Title: The Waste Lands

Author: Stephen King

Hardback: 420 pages

Publisher: Plume (1992)

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Appraising Eyeballs:


About the Book (From Publishers Weekly):

King's third volume on Roland the gunfighter's search for the Dark Tower offers charming bits of whimsy, some splendidly tense moments and one rip-roaring horror scene. At times, however, it is pretentious and the direction of the sprawling plot uncertain. Roland has two companions on his quest for the tower at the portal of all the worldsp. 53 : Susannah Dean and Eddie Dean, who entered his world from New York City of 1963 and 1987, respectively. When the three track down the den of a 70-foot-tall cyborg bear, they are pointed down a path leading to the Tower. But Roland is slowly going mad, a fact that seems linked to his past experiences with Jake Chambers, a boy who died twicestet ital in the first book of the series. Jake reappears here, displaying great resilience in crossing over from 1977 New York City to join Roland & Co. (As Susannah notes, "This time-travel business is some confusing shit.") They press on, plumbing the depths of a children's book that tells a profound and ancient tale. Unfortunately, the questers don't reach the Tower; in fact, they're caught in a cliff-hanger ending--King says, he'll write volume four if we want it. Illustrations not seen by PW. 1.5 million first printing; $400,000 ad/promo; BOMC and QPB selections.

Copyright 1991 Reed Business Information, Inc. --This text refers to an out of print or unavailable edition of this title.



Bruce’s Appraisal:

            I came to love this book more than the two that came before it.  While The Drawing of the Three reads like Stephen King in places, this is the first book that really feels like a walk in the world of the King.  It’s him throughout, with an in-your-face zaniness that brings a smile even as the candor of his observations leaves you shaking your head in awe that it wasn’t so clear the moment before you read it.

            The artwork within this volume takes a turn from the suggestive to the representative.  In the second volume, especially, it was sometimes difficult to figure out just what was being shown in a picture.  Here, we sometimes see too much. 

            I was a bit worried that nothing was ever going to happen in this series.  After all, the first book introduces the Gunslinger, and the second his Amazing Friends.  The second volume cleverly manages to succeed without anything so fundamental as an antagonist.  Oh, a familiar villain shows up…kind of…but he’s far from what we’d expect.  It’s almost entirely a Man vs. Nature story, with a few good guys turning on one another every now and again for added flavor.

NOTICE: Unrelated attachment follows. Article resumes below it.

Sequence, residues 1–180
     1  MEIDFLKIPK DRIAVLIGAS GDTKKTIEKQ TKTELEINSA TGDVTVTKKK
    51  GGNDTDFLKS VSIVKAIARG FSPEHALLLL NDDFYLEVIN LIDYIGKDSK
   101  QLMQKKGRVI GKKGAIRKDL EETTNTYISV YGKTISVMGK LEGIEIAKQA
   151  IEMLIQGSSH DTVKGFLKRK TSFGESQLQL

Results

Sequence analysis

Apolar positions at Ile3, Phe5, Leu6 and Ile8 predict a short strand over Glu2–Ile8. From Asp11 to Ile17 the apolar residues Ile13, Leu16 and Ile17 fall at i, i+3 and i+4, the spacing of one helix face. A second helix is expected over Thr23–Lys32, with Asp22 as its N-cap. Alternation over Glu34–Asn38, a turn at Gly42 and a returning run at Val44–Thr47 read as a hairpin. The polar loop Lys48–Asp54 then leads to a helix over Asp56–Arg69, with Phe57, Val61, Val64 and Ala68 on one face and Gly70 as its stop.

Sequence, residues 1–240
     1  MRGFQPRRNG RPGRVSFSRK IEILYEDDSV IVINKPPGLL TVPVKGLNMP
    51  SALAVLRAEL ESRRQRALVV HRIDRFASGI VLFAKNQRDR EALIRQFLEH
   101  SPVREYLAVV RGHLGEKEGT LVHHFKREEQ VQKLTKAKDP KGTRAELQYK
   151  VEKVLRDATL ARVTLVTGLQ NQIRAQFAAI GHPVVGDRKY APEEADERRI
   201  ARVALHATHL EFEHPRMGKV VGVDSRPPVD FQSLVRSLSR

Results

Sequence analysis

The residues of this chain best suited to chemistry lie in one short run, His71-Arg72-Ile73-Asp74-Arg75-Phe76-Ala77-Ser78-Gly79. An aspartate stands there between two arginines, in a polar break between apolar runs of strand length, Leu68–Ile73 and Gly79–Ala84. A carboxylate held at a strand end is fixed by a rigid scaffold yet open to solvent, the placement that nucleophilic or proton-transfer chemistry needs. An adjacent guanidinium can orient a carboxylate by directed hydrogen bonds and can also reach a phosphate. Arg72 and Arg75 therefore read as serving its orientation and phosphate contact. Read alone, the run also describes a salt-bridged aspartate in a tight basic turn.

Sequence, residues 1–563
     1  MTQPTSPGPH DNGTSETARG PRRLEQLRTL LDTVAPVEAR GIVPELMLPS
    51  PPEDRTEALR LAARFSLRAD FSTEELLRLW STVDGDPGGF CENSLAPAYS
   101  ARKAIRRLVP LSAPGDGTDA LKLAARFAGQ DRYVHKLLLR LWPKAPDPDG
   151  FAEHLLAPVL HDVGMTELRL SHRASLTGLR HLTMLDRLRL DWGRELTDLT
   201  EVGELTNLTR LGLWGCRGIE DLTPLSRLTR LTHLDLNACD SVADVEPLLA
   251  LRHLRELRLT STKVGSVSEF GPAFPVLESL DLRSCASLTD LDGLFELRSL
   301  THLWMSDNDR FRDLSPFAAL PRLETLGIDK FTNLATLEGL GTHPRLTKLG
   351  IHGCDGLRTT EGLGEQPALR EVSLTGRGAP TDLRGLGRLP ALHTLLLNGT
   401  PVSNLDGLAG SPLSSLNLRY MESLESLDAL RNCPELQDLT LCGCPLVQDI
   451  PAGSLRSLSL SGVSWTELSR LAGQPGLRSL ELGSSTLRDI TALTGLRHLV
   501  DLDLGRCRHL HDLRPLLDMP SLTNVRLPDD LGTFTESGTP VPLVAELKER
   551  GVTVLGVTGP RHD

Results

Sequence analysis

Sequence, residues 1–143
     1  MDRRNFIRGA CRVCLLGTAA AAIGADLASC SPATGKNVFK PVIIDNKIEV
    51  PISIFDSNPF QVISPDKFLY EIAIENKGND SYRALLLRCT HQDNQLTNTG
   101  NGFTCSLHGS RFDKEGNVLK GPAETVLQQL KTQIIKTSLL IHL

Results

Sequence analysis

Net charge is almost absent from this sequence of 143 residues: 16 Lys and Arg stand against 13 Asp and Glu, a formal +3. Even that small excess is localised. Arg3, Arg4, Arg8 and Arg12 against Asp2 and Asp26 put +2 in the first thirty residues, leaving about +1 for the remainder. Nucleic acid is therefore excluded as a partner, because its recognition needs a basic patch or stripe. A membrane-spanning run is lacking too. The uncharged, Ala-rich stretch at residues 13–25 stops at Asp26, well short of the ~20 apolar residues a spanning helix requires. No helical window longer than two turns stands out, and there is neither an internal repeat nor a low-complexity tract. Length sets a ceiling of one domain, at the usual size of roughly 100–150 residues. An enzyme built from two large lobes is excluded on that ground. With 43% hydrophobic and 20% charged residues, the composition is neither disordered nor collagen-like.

It seemed possible that the third one would introduce us to the Gunslinger’s aunts and uncles, maybe with a vivid retelling of a beach vacation before all the sand moved on… “And here are my slides of the lobster fest…”

            As before, I was blissfully in error.  It was both heartening and horrifying to see that first picture.  A giant bear.  With…What was that on his head? 

            Dear Lord, he’s lost his mind.

            But then I read it.  And it rocked.  Far beyond my meager expectations.

            The Waste Lands gets cooler with each mammoth chapter (and what’s up with the four-chapter novels in this series? Cut us some slack!).  From Shardik, who completely blew me away (gross pun intended), to an in-depth study of paradox (The first time I realized the extent to which I had underestimated this series), to the arrival of something I had been anticipating since the palaver at the end of The Gunslinger.  Ladies and gentlemen, I believe we have found our antagonist!

            The Waste Lands never ceases to amaze.  It paints an ever-clearer portrait of a world I would love to see, but only from a great distance and the comfort of my living room, my most decidedly not-moved-on living room.  This volume reintroduces a character and develops the world itself, and it does so while providing some motion to the overall arc of the series.  The heroes of the ka-tet grow more lifelike with every chapter, and each one continues to grow and excel even as the team forms bonds that I doubt even Old Splitfoot could sunder. 

            Also, Stephen King avoids Scrappy Doo complex on not only one but two counts.  There is a child who is fathomlessly impressive and realistic in his precociousness, and there is also an adorable pet who manages to rise above a gimmick and into a role as an actual character in the novel.  The greatest stumbling blocks of the novel transform into pillars on which it stands proudly above many lesser works.

            And that’s the clearest description of part three of The Dark Tower.  Each time I worried about what was to come, I found myself not only proven wrong but proven spectacularly wrong.  And the true delight is that I didn’t read this back in 1992, so I didn’t have to wait till 1997 to find out how that cliffhanger ending resolved itself.  Delightful.